In my earlier career, I ran call centers for alarm companies that provided 24/7 response to burglary and fire alarm systems and their customers.  In order to compete in that market, we had to gain certifications from Underwriters Laboratories, a fine private-sector response to the need for quality control that is a subject for another day.  One of the basic UL requirements was to make sure that at least two people were in the call center at all times, in order to make sure that anyone falling asleep or losing consciousness would not disable the response center entirely.  Centers got annual inspections, and I had to provide proof that our staffing never fell below that two-person minimum.

And that was to ensure proper response to alarms.  Imagine my surprise to find out that Reagan National’s airport tower in Washington DC provides only one person in the tower for the graveyard shift. I wasn’t the only one surprised, either:

The control tower at Reagan National Airport went silent early Wednesday, forcing the pilots of two airliners carrying a total of 165 passengers and crew members to land on their own.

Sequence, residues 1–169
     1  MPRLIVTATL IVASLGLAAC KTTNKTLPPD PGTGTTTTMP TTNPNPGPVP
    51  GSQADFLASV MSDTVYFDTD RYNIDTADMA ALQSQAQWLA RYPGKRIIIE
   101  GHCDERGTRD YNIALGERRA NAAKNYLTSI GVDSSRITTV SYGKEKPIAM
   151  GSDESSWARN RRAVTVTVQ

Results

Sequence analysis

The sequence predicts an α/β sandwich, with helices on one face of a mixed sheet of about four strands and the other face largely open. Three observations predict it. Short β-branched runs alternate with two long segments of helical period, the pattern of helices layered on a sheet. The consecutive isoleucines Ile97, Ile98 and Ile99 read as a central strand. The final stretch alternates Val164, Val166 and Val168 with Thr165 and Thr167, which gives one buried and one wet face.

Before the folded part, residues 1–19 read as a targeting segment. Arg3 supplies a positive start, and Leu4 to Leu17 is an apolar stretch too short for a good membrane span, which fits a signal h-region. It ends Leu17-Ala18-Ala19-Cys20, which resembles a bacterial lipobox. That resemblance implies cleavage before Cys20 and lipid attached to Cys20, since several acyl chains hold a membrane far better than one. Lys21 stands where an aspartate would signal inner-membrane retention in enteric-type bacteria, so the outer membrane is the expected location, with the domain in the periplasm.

he tower, which normally is staffed by one air-traffic controller from midnight to 6 a.m., did not respond to pilot requests for landing assistance or to phone calls from controllers elsewhere in the region, who also used a “shout line,” which pipes into a loudspeaker in the tower, internal records show.

An American Airlines Boeing 737 flying in from Miami with 97 people on board circled the airport after receiving no response from the tower at midnight. Minutes later, a United Airlines Airbus 320 flying in from Chicago with 68 people on board also got no answer from the tower.

Both planes landed safely after their pilots took matters into their own hands, broadcasting their progress as they approached and landed. They also were communicating with controllers at a separate facility in the region that does not handle landings.

This isn’t some dusty airstrip out in the boonies used by crop dusters and hobby pilots. This is the airport that sits on the outskirts of the Pentagon, in our nation’s capital, adjacent a booming business district and no small amount of residential homes. I usually fly in and out of Reagan when visiting DC, although I normally fly during normal business and evening hours. In the future, I’ll make that a requirement, as you might imagine.

Is it too much to ask that an airport tower adhere to the same requirements as a professional alarm center in terms of staffing?  Maybe we should put UL in charge of inspecting airport towers instead of the FAA.